The U.S. Bureau of Labor Statistics (BLS) reported on Dec. 10, 2009 that, during the 2008 to 2018 period, the total employment in America is projected to increase by 15.3 million, or 10.1 percent.
These are very interesting projections; and good news at the times when jobs are scarce. Some of the key highlights of the study are:
- Projections show an aging as well as a more racially and ethnically diverse labor force
- Employment growth in service-providing industries. More than half of the new jobs will be in professional and service related occupations.
- Occupations where a post-secondary degree is usually required are expected to account for one-third of total job openings during the projection period.
- Job openings from replacement needs–those which occur when workers who retire or otherwise leave their occupations need to be replaced– are projected to be more than double the number of openings due to economic growth.
- The projected growth for the 2008-2018 period is larger than the increase of 10.4 million over the 1998-2008 period. An increase of 7.4 percent decade-over-decade.
- The relatively slow growth rate for the earlier 10-year period was affected by the recession which began in December 2007.
- The projected growth rate is higher than would otherwise be expected because the 2008 starting point is a recession year.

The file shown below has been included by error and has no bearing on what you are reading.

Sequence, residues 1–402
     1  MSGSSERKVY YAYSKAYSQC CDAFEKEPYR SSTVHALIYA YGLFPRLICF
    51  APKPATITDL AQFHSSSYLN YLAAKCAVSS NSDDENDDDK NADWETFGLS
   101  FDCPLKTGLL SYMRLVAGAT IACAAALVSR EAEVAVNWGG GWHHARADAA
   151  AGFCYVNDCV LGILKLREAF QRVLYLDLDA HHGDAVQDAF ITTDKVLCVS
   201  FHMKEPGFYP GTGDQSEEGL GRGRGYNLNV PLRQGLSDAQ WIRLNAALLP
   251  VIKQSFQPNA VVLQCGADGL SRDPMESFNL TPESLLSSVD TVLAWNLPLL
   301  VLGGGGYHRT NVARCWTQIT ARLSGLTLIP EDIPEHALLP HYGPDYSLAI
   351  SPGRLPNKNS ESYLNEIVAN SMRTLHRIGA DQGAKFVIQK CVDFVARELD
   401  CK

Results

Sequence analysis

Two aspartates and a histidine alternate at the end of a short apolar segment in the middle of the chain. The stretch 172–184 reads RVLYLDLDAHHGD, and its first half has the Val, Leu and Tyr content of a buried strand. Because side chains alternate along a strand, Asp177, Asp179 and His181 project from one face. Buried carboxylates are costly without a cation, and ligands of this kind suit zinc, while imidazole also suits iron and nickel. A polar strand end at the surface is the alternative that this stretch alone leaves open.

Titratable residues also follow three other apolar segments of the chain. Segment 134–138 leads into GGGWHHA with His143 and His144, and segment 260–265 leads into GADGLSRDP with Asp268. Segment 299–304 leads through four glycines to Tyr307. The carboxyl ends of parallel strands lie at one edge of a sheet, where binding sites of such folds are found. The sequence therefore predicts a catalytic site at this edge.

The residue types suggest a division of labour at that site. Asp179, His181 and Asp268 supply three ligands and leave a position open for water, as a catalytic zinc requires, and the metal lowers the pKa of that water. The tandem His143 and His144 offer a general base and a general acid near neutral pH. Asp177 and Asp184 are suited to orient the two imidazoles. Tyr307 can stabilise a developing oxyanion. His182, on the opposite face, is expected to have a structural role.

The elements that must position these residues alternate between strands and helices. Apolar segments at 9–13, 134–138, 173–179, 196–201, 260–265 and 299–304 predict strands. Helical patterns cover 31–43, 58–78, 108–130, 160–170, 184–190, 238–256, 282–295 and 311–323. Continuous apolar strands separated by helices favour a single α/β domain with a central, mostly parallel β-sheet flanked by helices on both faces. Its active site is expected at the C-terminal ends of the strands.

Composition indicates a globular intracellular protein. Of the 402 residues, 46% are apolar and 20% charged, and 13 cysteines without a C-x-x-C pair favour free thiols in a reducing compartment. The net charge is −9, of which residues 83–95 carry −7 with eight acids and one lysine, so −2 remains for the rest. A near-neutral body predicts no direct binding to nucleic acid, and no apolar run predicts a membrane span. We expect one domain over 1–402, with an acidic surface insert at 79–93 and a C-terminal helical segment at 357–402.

This report focuses on four areas for which BLS develops projections–labor force, industry employment, occupational employment, and education and training.
- The civilian labor force is projected to grow by 12.6 million between 2008 and 2018, to 166.9 million persons.
- The labor force in 2018 will be more diverse.
- The growth among minorities: Due to higher birth rates and increased immigration, along with higher labor force participation rates by Hispanics and Asians, the share of the labor force held by minorities is projected to increase significantly.
- Projected employment growth is concentrated in the service-providing sector, continuing a long-term shift from the goods-producing sector of the economy.
- From 2008 to 2018, service-providing industries are projected to add 14.6 million jobs
- The 2 industry sectors expected to have the largest employment growth are:
Professional and business services (4.2 million)
Health care and social assistance (4.0 million).
- Two major occupational groups are projected to provide more than half of the total employment growth during the 2008-18 period:
Professional and related occupations
- Production occupations are projected to decline.
Education and Training
- Occupations that usually require a post-secondary degree or award are expected to account for nearly half of all new jobs from 2008 to 2018 and one-third of total job openings.
- Among the education and training categories, the fastest growth will occur in occupations requiring an associate degree.
U.S. Bureau of Labor Statistics: EMPLOYMENT PROJECTIONS – 2008-18, News Release Thursday, December 10, 2009
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